The Reality of Virtual School

In March 2020, single dad, Matt McConville, learned that Marietta City Schools were shifting to virtual learning. The Marietta resident knew that the situation would not work for his family. He joined forces with other families to solve the problem.

“Both my ex-wife and I work. I have the children for a week, and she has the kids for a week. It was going to be impossible for me to make (virtual learning) work and be at home with my children during the day,” said McConville, who works in commercial real estate.

McConville met with a friend who was struggling with the prospect of juggling the education of his four young children. Through that conversation, the families decided to implement a group or “pod” for virtual school. They hired a student teacher from the previous year, Madi Greco, to facilitate the class. He said that other families across the city are doing the same thing.

“It was more out of desperation than inspiration that we came up with that plan,” said McConville. He has two children, a kindergartner, Anna Jayne and a son, Oliver, age 9, in 4th grade West Side Elementary.

Avery Mae Hooper works online

Oliver meets with a group of 4th graders at one home on Monday and Wednesday. On Tuesday and Thursday, a different group meets that uses the same teacher, of which Oliver is also a part.

“My son requires more one-on-one attention. It’s been tough for him not to have the consistency. He does better if everything in his world is very consistent. This (virtual situation) has thrown a big monkey wrench into his life. He seems to be doing better and more comfortable with the schedule,” McConville said.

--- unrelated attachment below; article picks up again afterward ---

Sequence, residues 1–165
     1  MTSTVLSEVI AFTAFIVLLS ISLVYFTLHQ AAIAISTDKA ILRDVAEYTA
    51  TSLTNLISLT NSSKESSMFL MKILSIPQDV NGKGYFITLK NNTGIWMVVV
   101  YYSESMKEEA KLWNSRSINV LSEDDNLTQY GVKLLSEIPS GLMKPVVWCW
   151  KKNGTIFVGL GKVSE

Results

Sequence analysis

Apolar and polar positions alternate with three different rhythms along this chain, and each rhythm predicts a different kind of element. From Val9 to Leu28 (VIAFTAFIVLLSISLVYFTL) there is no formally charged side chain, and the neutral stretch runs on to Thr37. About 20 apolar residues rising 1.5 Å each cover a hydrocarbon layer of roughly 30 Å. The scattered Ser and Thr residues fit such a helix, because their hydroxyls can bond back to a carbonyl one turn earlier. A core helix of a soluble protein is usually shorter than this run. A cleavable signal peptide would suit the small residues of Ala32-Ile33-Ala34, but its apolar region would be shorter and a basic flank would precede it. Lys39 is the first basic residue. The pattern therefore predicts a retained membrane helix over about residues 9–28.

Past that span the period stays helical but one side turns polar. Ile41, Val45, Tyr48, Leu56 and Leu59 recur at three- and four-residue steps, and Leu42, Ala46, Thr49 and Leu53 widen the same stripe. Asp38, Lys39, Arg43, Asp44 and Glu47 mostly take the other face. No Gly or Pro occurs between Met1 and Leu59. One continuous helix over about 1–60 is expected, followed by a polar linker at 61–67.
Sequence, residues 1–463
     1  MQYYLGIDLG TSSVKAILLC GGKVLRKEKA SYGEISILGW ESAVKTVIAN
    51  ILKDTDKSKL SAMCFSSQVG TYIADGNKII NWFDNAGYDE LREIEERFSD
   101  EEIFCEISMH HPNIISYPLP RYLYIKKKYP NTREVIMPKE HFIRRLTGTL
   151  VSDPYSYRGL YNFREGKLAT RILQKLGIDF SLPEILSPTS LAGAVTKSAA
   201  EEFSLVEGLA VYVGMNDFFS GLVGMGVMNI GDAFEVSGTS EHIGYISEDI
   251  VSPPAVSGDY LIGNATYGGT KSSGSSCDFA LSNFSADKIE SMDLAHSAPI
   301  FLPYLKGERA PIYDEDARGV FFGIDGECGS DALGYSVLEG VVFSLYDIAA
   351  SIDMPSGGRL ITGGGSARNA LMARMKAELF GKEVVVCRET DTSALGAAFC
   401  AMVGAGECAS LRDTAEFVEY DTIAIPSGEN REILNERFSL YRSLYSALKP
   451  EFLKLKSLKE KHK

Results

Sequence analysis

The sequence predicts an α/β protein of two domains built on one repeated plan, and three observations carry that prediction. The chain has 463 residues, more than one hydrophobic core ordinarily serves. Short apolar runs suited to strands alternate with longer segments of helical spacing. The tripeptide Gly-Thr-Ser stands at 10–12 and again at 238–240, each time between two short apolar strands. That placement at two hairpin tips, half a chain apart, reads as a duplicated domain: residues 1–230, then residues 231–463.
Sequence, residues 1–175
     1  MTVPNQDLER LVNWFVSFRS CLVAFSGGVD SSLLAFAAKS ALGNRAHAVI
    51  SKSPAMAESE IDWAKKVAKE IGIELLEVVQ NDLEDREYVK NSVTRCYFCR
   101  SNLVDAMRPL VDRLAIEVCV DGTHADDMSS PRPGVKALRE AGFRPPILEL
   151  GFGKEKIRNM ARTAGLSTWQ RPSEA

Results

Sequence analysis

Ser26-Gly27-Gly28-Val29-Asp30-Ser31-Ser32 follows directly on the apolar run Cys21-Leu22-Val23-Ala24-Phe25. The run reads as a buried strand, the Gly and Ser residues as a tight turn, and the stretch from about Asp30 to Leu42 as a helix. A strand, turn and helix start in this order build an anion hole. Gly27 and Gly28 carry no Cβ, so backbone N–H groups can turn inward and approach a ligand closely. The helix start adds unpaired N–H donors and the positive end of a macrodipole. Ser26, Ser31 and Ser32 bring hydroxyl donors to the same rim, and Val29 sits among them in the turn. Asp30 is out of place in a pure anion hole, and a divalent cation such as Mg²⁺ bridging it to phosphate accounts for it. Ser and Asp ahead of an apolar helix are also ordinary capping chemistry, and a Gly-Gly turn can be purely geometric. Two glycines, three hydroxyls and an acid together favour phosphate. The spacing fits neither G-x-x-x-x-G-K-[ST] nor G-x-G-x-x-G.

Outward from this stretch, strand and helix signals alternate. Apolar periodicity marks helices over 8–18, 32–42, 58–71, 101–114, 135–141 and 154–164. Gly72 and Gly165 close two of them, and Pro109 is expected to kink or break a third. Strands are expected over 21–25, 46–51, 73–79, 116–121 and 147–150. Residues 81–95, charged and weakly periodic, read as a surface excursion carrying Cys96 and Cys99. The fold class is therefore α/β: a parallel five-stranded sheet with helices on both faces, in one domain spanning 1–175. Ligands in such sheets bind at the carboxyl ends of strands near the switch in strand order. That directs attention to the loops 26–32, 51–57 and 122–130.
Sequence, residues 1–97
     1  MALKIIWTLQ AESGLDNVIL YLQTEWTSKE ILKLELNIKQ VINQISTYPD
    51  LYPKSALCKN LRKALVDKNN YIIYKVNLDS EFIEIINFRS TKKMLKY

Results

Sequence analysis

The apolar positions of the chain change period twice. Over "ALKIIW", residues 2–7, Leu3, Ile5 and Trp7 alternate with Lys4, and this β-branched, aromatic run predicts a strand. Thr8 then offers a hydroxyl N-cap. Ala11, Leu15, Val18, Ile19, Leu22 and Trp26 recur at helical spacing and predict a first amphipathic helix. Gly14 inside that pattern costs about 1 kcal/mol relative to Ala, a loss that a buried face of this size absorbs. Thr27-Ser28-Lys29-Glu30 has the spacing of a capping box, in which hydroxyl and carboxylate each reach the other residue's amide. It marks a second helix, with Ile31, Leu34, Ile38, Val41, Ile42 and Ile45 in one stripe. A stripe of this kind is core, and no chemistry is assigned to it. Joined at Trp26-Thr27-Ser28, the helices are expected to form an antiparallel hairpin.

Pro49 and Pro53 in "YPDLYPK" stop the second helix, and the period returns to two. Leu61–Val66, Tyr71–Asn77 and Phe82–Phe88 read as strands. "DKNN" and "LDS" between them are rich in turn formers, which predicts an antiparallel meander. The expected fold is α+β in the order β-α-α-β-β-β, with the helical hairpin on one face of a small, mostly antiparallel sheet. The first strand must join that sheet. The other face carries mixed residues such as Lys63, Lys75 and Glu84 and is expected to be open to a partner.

Oliver McConville at the close of the school day

The pod faced a few challenges. Shortly into the virtual year, Marietta City Schools hired Ms. Greco requiring the group to find and hire a new teacher. Marianne Burke, a retired teacher and regular substitute for MCS now facilitates the pod.

Though pod learning defeats the purpose of social distancing, it provides huge benefits for the families.

“Outside the freedom for the adults to do their day jobs, the socialization part is the biggest thing. For my son, that’s the best part (of the pod), being with other kids even if it’s virtual, and everybody has a headset on looking at a computer screen. At least they’re doing it together and have interaction between activities,” McConville said.

Aver Mae Hooper, Katie Haynie, and Margaret Clark watch as Cora Micheletto demonstrates on her computer

Pod learning does not solve all the issues associated with virtual learning. McConville has his hands full with coordinating drop-offs and pickups for both children and after school childcare.

“It’s quite the circus, but we’ve figured it out so far,” McConville said.

Taking a break for some fun

McConville is fortunate to be able to afford this solution. “My heart immediately sank for those who can’t. I don’t know how they are doing it. The parents would have to quit their jobs to be home with the children, or the children would have to be home by themselves or with an older sibling. That breaks my heart. I don’t know how a child can learn the things they need to learn in an environment where, who knows if, that’s even a priority. That totally breaks my heart,” McConville said.

Katie Haynie and Avery Mae Hooper participate in a spelling lesson

The positive side of the situation is about community.

“It’s been good to see the small community come together to try to solve the problem. Everyone that is involved in the pod that my children participate in belongs to my church. They’re the ones who started reaching out. It really forced everyone to think outside the box. If there was a silver lining, it did bring the community together in a unique and different way to anything else that’s happened to us,” McConville said.

Katie Haynie reading an assignment

Photos by Meg Robinson

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